Because I aim to please I decided to go big on this Dose, as usual, but the Kobe Bryant wrist injury and Andrew Bynum beast mode got me digging into game tape. Decisions to buy or sell those guys are going to be big for owners, so I figured I’d go a bit more in-depth. I left them for the end, though, so if you don’t own those guys you can get right in it.
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MAMA THERE GOES THAT HAND
Maybe Mark Jackson or Doctor A can help me with my Golden State Warrior play calls, but in the meantime we’ll learn today how much James Anderson or Gary Neal can help owners when Manu Ginobili’s broken hand gets a timetable (hopefully). After a day for the dust to settle this situation is pretty simple, but has a few quirks.
Anderson will start (unless Pop changes his mind) until Ginobili returns, and Neal still needs a few games to get into shape. During that time Anderson will have the chance to earn a significant role. If he hasn’t made an impression, he will likely cede starter’s minutes (and possibly the starting job) to Neal, who is mostly proven and has Pop’s trust. So do you take the guy with a head start or the guy who is proven if you’re staring at both?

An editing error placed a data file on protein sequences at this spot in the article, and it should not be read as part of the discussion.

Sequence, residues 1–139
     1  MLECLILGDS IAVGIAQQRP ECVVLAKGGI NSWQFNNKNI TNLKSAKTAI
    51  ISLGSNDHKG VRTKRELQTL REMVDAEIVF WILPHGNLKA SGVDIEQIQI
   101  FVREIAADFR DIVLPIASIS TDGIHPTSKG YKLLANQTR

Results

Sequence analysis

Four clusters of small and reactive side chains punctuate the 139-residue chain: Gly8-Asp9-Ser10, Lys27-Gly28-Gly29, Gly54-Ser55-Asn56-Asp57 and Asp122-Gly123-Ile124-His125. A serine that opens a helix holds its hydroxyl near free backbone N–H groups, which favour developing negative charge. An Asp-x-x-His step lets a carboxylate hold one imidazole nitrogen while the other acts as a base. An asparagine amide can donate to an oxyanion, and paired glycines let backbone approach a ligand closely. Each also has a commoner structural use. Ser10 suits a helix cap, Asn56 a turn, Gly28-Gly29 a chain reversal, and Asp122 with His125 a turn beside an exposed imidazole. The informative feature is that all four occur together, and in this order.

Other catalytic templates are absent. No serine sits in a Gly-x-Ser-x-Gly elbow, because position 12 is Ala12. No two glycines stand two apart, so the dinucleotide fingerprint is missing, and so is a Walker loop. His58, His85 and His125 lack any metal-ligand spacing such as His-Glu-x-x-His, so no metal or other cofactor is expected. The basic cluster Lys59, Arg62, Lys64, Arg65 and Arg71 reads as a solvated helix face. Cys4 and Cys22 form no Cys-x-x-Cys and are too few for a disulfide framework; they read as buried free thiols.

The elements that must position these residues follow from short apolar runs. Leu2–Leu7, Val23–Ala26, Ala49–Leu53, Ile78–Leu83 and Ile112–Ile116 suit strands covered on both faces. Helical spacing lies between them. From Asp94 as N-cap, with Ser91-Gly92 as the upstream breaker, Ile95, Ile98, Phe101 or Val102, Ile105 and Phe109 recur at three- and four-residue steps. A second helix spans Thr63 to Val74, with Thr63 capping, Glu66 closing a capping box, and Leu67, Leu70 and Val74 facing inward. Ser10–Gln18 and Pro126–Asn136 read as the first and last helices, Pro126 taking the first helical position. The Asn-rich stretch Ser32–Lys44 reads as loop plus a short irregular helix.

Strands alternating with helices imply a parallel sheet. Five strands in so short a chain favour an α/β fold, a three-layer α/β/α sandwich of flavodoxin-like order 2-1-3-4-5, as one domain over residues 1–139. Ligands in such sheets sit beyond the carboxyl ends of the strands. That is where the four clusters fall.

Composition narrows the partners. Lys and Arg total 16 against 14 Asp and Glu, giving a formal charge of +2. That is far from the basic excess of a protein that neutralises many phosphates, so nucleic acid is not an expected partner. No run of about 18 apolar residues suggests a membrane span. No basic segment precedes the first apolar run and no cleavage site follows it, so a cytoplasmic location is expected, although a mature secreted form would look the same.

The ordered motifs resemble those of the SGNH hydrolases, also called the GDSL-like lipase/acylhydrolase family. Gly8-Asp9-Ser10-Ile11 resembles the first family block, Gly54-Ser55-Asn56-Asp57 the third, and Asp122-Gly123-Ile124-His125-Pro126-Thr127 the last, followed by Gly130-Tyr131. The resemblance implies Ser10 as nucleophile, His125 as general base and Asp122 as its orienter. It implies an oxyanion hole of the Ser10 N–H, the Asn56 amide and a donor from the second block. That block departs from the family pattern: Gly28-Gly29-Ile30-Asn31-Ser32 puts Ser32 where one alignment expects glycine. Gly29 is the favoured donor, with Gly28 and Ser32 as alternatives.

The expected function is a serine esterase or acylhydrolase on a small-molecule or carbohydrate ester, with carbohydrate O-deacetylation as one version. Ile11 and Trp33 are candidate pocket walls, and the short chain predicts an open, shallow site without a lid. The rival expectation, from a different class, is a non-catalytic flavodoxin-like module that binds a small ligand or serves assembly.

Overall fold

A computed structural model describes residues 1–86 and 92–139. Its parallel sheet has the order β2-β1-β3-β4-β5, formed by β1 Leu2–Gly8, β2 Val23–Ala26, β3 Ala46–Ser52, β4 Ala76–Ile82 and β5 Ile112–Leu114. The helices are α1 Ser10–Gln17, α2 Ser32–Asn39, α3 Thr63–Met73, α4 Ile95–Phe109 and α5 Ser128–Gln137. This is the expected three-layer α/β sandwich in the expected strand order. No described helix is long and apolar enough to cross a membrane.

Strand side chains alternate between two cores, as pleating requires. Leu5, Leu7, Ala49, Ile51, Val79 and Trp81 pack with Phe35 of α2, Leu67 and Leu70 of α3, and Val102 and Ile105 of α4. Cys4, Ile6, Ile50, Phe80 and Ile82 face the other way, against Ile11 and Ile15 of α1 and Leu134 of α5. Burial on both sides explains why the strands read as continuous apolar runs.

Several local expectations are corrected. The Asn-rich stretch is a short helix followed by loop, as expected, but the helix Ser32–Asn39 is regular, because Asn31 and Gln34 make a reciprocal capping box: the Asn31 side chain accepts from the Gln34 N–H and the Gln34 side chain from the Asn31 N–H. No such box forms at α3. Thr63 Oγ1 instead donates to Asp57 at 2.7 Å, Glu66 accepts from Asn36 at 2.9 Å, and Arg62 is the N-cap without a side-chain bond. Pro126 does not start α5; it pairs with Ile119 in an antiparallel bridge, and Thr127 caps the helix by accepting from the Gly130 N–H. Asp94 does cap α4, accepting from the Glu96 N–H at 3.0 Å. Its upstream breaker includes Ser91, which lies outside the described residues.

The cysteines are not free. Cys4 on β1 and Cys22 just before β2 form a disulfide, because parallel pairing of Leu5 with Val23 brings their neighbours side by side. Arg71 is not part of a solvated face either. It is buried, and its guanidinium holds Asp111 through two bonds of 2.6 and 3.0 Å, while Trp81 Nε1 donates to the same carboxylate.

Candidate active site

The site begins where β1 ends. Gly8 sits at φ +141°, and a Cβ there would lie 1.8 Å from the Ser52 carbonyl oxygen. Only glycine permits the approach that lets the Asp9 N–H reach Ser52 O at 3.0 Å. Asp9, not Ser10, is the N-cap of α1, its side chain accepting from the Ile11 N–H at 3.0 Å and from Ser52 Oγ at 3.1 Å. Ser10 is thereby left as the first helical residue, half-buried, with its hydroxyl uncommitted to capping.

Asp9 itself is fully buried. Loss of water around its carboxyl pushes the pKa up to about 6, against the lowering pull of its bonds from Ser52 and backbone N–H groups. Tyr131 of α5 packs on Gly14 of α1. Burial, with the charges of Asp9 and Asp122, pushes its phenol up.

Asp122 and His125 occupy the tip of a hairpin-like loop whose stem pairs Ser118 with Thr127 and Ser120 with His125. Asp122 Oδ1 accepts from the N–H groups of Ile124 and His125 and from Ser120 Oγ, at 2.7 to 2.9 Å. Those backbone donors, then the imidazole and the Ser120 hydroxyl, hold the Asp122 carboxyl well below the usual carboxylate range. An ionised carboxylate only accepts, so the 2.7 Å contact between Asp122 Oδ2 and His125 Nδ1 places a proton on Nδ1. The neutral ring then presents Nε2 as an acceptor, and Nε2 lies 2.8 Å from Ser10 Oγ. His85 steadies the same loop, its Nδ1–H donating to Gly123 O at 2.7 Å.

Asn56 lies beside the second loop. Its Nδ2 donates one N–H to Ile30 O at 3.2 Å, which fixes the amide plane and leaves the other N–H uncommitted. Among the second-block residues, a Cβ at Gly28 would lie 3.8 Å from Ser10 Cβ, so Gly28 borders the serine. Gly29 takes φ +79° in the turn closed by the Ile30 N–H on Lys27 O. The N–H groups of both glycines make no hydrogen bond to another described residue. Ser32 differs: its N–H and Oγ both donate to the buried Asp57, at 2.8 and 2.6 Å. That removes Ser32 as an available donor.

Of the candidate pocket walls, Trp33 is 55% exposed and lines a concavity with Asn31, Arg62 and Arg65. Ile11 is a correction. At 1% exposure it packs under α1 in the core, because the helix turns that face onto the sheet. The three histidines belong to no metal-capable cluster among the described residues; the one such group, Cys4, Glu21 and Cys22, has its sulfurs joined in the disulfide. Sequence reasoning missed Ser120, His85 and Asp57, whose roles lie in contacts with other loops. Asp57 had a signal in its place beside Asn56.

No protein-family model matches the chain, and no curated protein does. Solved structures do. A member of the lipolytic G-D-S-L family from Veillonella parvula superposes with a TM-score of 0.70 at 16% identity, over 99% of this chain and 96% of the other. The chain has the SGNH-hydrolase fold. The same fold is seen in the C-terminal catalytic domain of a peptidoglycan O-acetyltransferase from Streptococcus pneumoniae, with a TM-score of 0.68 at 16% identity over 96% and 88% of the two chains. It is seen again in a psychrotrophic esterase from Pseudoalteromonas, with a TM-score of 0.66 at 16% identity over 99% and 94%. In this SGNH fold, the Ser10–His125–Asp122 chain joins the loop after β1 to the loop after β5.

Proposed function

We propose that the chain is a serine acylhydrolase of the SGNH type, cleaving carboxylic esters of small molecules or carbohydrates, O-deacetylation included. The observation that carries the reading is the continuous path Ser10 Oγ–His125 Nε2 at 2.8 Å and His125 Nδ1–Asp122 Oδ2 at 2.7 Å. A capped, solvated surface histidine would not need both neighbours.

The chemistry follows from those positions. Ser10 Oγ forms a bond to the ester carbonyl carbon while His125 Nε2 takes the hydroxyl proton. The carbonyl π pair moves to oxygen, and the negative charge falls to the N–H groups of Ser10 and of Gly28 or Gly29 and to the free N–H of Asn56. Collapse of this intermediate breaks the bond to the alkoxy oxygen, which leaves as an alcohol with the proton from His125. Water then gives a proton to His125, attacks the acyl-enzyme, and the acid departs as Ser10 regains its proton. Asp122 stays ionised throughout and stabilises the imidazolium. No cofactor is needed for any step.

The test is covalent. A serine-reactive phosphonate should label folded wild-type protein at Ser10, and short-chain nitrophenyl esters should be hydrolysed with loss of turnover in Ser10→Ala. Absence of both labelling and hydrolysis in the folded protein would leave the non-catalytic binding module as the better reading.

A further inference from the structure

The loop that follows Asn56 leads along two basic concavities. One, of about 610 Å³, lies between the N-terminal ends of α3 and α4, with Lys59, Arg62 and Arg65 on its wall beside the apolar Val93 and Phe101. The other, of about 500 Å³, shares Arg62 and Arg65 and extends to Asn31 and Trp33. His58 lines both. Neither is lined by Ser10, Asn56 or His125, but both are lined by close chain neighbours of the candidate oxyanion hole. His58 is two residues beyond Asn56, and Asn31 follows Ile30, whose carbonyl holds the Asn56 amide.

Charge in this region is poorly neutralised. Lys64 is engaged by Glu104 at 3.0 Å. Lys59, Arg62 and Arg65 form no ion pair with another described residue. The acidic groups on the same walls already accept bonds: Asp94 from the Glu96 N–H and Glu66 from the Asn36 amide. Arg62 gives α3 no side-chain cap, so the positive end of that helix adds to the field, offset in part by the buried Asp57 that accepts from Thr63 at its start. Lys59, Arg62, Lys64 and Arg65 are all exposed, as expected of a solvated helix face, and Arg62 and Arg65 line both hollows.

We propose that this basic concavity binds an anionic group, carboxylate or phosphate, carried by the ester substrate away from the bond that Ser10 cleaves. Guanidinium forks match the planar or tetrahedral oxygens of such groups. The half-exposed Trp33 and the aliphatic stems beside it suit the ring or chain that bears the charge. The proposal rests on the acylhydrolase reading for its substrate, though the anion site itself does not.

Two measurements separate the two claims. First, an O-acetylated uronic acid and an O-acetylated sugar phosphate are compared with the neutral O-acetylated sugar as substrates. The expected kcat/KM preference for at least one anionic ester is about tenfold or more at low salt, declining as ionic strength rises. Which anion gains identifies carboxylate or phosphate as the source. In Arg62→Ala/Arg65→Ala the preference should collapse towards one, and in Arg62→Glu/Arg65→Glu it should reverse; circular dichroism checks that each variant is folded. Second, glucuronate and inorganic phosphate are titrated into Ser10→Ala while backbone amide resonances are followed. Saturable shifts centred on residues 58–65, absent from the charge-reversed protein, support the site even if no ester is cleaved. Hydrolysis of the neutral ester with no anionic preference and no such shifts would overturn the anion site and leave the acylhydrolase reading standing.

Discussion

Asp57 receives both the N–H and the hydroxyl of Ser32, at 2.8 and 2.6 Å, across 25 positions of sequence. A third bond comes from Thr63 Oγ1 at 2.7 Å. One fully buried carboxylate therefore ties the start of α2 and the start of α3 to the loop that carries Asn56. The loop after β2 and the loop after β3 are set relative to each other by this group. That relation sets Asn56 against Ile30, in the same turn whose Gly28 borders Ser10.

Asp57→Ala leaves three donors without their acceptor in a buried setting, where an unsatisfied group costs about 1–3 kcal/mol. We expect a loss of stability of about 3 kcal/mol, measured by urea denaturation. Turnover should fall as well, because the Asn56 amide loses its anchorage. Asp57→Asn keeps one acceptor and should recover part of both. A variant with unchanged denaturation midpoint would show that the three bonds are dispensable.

Neal has the higher upside if he goes off due to his potential for elite 3-point shooting, but Anderson shouldn’t be poo-pooed in that department, either. He hit 39 percent of his attempts last year and about 37 percent in college. He’s no Neal, but he’s not inept either. Anderson compares similarly to Marcus Thornton, who could score but also didn’t rock the combine with measurables, either.
The answer lies in what you need. If you need a player this week the bet is on Anderson and his head start, his 6’6” height advantage (Neal is 6’4” and would make a small backcourt with Tony Parker), and the fact that Neal is not in game shape. The following week it’s Anderson if he’s hot and Neal if he’s not. If you’re looking for a home run, despite the fact that Neal could theoretically hit a bunch of threes and go off, you’re betting that Anderson follows up on his preseason promise and never lets go. If you’re playing it a bit safer and you’re iffy on Anderson, it’s Neal given what he has proven.